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Freedom Riders in the Congress of Racial Equality (CORE)

CORE’s Freedom Rides solidified its centrality to desegregation efforts during the Civil Rights Movement
Freedom Riders Near Burning Bus

Photo by Bettmann Collection/Getty Images

The Congress of Racial Equality (CORE) evolved out of the pacifist Fellows of Reconciliation and was established as an interracial nonviolent direct-action civil rights organization in 1942. Their early efforts in the 1940s and 1950s included a series of nonviolent boycotts to desegregate lunch counters and schools in Northern and Midwestern cities. 

When the Supreme Court ruled, in Morgan v. Virginia (1946), that segregation on interstate buses was unconstitutional, CORE sent an interracial group of men on a two-week Journey of Reconciliation through Virginia, North Carolina, Tennessee, and Kentucky to test the compliance of southern states. However, after a series of arrests the group only reached as far south as North Carolina before returning to Washington, D.C.

After barely surviving government attacks on leftist organizations during the Cold War, CORE restructured its local chapters and initiated public desegregation efforts in local communities.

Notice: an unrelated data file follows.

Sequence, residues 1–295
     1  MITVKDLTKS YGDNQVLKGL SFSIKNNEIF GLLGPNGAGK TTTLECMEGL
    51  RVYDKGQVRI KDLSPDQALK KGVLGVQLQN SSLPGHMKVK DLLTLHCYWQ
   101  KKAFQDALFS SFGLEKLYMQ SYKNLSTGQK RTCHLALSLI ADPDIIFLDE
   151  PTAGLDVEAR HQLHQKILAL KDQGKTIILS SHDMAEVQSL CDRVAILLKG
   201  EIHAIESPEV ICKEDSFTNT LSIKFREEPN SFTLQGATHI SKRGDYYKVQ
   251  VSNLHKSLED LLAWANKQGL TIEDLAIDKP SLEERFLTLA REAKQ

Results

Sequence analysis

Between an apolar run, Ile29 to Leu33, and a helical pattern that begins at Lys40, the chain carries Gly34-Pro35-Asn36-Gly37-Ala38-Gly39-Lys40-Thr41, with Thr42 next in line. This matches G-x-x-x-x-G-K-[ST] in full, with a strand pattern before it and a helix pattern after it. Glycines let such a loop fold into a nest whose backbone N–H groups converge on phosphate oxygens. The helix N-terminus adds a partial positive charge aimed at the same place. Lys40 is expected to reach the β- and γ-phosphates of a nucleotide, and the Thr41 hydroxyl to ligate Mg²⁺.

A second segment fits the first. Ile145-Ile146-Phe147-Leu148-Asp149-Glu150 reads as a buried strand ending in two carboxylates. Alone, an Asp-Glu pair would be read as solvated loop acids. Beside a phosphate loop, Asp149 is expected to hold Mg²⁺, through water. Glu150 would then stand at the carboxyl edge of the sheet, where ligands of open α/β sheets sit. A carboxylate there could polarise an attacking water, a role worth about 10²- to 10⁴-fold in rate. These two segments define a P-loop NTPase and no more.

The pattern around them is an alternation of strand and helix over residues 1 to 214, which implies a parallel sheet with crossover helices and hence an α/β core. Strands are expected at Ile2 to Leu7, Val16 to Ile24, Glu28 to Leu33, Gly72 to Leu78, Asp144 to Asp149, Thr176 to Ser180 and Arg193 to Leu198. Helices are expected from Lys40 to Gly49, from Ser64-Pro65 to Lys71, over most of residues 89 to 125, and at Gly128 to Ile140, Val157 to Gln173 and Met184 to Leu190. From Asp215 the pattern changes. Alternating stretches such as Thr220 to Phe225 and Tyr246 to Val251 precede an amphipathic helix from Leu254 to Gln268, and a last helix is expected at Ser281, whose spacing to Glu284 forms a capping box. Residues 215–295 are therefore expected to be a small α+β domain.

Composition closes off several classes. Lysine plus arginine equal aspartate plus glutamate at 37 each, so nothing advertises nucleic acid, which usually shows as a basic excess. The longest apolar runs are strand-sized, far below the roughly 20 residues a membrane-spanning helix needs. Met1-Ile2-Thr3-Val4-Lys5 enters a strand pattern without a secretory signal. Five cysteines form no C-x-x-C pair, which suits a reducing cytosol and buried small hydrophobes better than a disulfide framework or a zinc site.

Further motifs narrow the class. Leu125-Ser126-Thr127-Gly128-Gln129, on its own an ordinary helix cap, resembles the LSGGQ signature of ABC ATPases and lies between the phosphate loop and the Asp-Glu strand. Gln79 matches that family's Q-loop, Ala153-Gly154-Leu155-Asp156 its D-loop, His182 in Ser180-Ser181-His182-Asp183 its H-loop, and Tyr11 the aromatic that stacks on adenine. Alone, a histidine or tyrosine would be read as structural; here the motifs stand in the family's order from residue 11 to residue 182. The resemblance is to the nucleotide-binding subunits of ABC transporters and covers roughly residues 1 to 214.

By the time four Black college students sat at a whites-only lunch counter on February 1, 1960 in Greensboro, North Carolina, CORE was positioned to provide immediate support to the student protesters. Following the success of the sit-in movement, CORE implemented its earlier strategy of sending interstate buses of interracial passengers South in the political climate of the 1960s. 

When the Supreme Court extended the Morgan case and ruled in Boynton v. Virginia (1960) that racial segregation in interstate travel was illegal on buses, trains, and in transportation terminals, CORE reignited the strategy used during the Journey of Reconciliation and launched the first Freedom Ride on May 4, 1961. The group of men and women intended to ride from Washington D.C. to New Orleans. However, violence in Virginia and the Carolinas resulted in the arrest of over 300 riders and an assault on civil rights leader John Lewis

Freedom Riders Near Burning Bus